To the Honorable Sharon Bird and Jennie George:
Congratulations on your recent win!
Prime Minister elect, Kevin Rudd, has provided an excellent opportunity for you to find out more about the relationship of information literacy to information technology. In launching his “education revolution” he has asked you to visit two schools your electorate. And he was standing in a Queensland SCHOOL LIBRARY for the announcement! 🙂
As part of Labor’s computer package it is vital to acknowledge these key points:
Information technology needs information literacy.
Teacher Librarians are information literacy experts.
Research consistently shows that libraries have an impact on student learning.
Too many school libraries across Australia are in decline.
For further information, go to The Hub now https://hubinfo.wordpress.com/ and read about the inequalities in school library funding and staffing.
When you visit a school library, here are a few questions you might ask:
1. Is the school library staffed by a professional teacher librarian with adequate time to work with students and teachers? Australian standards* call for a full time teacher librarian for 17 total teaching staff, two for 50.
2. Do clerical staff shelve and check out books? Clerical assistants can free teacher-librarians to work with students and teachers.
3. Is the school library open to students every day, all day? Many school libraries are closed on some days due to low staffing levels. Many are closed to others when teacher librarians take a teacher’s class for their release time. This is a serious block to collaborative teaching of information literacy skills.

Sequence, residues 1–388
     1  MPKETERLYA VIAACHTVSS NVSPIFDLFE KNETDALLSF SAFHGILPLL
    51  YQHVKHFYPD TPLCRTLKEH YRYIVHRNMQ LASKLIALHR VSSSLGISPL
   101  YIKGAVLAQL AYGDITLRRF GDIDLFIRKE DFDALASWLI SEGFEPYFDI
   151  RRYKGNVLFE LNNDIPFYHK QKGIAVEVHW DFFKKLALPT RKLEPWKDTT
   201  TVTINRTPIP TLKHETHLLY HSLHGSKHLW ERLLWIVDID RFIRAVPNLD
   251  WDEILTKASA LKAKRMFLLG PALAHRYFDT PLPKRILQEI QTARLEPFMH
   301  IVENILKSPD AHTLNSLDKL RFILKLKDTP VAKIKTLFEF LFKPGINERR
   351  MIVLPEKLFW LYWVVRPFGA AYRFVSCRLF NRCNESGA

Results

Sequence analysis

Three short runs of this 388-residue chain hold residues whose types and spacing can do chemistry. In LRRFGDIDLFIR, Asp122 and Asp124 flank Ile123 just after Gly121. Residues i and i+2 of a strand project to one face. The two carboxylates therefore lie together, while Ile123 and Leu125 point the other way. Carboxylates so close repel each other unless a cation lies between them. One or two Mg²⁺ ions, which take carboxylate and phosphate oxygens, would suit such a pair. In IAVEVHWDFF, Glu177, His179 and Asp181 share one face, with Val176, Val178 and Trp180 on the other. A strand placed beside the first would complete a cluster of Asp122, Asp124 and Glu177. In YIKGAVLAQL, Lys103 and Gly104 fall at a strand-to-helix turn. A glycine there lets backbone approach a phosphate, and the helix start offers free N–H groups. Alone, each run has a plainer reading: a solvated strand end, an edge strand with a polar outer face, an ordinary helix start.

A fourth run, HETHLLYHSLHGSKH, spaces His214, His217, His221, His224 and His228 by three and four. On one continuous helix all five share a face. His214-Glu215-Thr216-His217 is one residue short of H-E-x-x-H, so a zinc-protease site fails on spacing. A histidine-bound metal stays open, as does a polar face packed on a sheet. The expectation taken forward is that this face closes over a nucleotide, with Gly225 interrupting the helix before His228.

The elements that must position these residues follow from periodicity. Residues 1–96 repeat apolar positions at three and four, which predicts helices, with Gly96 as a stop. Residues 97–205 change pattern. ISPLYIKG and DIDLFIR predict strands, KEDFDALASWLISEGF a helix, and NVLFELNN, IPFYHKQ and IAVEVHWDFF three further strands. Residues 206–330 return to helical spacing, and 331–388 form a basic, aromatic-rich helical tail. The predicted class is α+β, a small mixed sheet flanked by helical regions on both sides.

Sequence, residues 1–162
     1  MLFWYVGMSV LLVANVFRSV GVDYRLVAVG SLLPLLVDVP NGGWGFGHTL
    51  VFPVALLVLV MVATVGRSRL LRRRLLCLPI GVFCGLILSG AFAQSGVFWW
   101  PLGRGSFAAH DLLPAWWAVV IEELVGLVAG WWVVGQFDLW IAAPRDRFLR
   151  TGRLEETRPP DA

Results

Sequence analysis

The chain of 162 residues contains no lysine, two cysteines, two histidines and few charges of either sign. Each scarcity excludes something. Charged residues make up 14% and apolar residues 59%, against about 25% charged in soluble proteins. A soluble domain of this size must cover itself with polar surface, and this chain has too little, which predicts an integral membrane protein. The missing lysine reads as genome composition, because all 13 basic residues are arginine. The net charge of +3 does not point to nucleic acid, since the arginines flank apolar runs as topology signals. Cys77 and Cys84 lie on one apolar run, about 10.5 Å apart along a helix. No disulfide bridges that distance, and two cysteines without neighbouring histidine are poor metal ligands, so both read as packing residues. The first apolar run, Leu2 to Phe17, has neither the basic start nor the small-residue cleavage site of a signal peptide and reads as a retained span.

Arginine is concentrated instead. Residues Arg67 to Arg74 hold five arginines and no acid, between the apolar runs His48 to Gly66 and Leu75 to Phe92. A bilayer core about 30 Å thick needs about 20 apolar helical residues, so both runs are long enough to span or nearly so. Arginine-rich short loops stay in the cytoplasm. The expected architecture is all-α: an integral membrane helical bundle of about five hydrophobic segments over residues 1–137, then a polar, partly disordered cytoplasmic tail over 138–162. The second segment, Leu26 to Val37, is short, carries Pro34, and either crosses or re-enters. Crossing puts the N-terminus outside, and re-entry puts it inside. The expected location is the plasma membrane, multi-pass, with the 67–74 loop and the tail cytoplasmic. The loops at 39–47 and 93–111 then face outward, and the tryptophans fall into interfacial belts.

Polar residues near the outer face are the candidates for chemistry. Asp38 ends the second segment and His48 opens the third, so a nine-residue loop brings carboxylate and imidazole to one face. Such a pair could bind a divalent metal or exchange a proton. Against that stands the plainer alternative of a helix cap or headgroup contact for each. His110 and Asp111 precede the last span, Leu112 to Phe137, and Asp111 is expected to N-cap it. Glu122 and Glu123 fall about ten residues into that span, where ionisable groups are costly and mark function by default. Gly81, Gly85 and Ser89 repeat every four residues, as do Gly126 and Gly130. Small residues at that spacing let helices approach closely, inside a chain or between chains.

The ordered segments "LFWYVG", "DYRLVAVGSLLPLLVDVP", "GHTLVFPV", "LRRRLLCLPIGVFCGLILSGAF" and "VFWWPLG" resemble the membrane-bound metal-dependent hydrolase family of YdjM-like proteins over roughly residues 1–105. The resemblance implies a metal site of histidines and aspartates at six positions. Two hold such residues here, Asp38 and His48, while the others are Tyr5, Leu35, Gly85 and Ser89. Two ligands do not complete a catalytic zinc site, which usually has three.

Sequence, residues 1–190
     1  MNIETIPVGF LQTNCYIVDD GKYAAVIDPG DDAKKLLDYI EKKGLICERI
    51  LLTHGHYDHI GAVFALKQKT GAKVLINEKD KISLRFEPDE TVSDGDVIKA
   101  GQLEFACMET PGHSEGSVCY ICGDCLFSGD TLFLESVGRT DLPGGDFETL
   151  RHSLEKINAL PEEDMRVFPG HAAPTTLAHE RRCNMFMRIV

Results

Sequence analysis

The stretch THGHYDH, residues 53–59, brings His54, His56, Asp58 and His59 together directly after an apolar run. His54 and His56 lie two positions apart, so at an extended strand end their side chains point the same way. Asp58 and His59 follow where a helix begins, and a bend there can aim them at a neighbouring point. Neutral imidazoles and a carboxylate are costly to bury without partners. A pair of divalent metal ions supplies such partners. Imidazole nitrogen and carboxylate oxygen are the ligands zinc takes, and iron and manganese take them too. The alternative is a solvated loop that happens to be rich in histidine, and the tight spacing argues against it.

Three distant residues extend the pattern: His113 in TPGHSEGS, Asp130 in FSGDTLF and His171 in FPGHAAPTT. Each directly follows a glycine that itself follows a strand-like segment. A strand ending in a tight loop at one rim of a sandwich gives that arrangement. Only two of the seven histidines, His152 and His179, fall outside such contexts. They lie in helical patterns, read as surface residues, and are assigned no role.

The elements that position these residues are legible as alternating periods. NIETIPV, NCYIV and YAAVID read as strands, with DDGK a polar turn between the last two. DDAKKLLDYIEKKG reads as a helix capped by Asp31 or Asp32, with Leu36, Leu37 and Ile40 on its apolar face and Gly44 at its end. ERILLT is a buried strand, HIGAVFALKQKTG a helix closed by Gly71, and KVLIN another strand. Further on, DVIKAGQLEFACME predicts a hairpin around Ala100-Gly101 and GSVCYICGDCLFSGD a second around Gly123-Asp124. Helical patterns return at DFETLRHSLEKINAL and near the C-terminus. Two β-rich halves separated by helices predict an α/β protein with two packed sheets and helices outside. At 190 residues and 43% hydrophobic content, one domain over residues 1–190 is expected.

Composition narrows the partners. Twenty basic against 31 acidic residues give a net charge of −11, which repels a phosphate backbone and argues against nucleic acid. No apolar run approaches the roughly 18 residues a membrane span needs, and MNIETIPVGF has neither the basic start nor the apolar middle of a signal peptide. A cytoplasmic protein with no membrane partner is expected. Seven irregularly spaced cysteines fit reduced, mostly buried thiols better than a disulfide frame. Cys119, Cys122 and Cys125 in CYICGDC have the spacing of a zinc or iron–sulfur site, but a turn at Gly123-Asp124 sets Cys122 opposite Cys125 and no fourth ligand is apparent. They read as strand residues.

4. What is the annual budget for materials, print as well as electronic? Australian standards* recommend 12-34 items per student depending on the school enrollment, with a 10% annual replacement rate.
5. Ask if the teacher librarian works with the class and teacher to assist students to learn to find, critically assess and use information effectively.
6. Is the Internet part of student library research resources? Does the teacher librarian help students make the best use of the web? Is there a school wide program to teach these and other information literacy skills?
Hoping you can assist us in getting answers to these vital questions throughout the state and country.
Quality school libraries make a difference!
Thank you for your time and consideration,